The Pros and Cons of Popular Ecommerce Payment Options

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Charlie Keegan
Charlie Keegan




There are a few payment options that come to mind immediately when you consider the various possibilities for your ecommerce site. The first, of course, is the credit or debit card. Next is almost invariably PayPal. If you include these options on your ecommerce website, then you’re probably in good shape. Most consumers who are comfy enough to shop online will be happy enough with these choices.

If you’re interested in offering more possibilities for savvy buyers, there are other—possibly newer—options available. Choosing between the latest and greatest isn’t always easy, because who’s to say what will stick around and what won’t? To help you choose, we broke down some of the pros and cons. 


Believe it or not, BitCoin is still a thing, and people still accept this digital currency. The beauty of BitCoin (and more often the problem) is that the value never really stays current. Right now, one BitCoin is worth about $240, but it’s shot as high as $1,000 per BitCoin. If you accept this payment, there’s a chance those BitCoins could skyrocket in value again…or they could go the other way.

There’s also the matter of your digital wallet and how you have to watch it like a hawk. If your hard drive craps out or someone steals it, the BitCoins are gone—just like if you lose your physical wallet filled with cash. They’re also not as secure as they once were. At one point, no one could hack the digital wallet. Now they’re hackable. It’s just something to keep in mind.

Google Wallet

With Google Wallet, consumers sign up through their Google+ accounts, enter payment information there—much like PayPal, really—and then never need to pull out the credit card again.

Because Google keeps all the information, there really aren’t any security concerns on your part. It’s all up to Google to keep that information safe. As long as your customers can keep their login information secure, they don’t need to worry about anyone gaining access to their financial information.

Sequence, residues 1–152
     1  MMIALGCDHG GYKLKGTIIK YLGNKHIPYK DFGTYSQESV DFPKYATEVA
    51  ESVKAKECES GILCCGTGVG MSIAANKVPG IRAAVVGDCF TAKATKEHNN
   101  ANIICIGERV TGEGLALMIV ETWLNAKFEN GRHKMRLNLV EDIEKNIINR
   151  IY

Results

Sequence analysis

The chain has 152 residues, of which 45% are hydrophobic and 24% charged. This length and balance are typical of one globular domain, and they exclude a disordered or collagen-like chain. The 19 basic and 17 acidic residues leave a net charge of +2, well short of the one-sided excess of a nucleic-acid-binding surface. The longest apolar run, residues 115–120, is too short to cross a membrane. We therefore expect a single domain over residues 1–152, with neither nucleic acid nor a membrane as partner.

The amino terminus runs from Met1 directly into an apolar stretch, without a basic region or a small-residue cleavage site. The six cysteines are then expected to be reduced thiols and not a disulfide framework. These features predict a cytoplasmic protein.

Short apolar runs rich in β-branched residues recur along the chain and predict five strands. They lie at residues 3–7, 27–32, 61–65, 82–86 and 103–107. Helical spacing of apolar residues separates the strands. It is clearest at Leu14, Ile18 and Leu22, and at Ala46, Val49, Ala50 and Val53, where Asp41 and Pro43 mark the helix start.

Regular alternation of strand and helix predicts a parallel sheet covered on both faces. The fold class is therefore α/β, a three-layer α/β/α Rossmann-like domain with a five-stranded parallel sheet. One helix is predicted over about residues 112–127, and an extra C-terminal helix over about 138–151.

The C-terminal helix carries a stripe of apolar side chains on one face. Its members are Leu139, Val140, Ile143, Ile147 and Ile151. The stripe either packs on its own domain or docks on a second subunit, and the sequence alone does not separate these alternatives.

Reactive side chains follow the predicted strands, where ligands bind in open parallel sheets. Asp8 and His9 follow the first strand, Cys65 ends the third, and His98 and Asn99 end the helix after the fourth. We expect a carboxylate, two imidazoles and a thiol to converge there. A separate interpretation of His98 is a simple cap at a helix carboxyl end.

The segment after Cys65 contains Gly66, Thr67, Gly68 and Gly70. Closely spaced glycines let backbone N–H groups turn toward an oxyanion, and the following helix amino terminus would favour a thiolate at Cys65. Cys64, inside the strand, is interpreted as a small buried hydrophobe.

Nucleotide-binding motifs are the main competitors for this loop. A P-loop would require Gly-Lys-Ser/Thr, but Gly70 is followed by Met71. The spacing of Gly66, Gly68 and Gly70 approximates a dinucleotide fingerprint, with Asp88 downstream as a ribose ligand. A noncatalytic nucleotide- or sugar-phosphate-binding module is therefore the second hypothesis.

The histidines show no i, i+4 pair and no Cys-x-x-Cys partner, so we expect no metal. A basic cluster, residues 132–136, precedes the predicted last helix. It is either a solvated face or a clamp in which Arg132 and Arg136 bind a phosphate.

Amazon Payments

A lot of people have Amazon accounts, whether they’ll admit it or not. That name recognition goes a long way toward convincing buyers they can trust you with their financial information. The fees for using them as a third-party payment option are fairly low, too. In all, it’s not a bad plan.

The only problem is, Amazon is already a world-famous brand name. Do you want to confuse your buyers or diminish your own brand in any way by introducing the Amazon name into your transaction? You definitely want to make sure your company is getting the credit for the products you sell, so bringing in such a well-known name could muddy the water.


If you use QuickBooks to keep your accounts, then Intuit will be your new best friend. Of all the payment options, this one integrates with the bookkeeping software the best. The program also transfers money directly to your business bank account, so there’s not a lot of finagling needed on your end.

Intuit does make accepting credit cards easy, but you’ll pay the price, with a rate of 3.25% on each transaction.

For a one-stop shop, seems to be the way to go. You can process credit and debit cards, e-checks, PayPal, and even Apple Pay payments. You’ll have to make sure you have all the software and applications necessary to run the program, but with its wide variety, this one looks like a winner.

There is a down side, of course. Some of the features only work within iOS 8 apps—specifically Apple Pay. Then, there’s the cost. With a start-up fee, monthly fee, and fees on transactions, it’s not the cheapest of the available solutions, but it’s also not the most expensive. Because it offers just about everything, you may find the cost a necessary evil.


Stripe is one of the fastest growing of the payment options, mostly because it’s considered cool. You can customize the design, integrate with mobile devices, and support various currencies.

While there aren’t any real down sides to the program, many might feel the flashiness just takes away from the real needs. If your business requires the many options Stripe offers, however, you’ll find the flash more than welcome.

This isn’t even close to a full list of the options available, but these are probably the most popular of the choices available at the moment. If these won’t meet your needs, you can also look into BluePay, PaySimple, 2Checkout, Masterpass, Visa Checkout, and Dwolla. The most important thing is that you find a payment option that your customers love.

What is your favorite pay portal? Are there pros and cons to these that we didn’t list?

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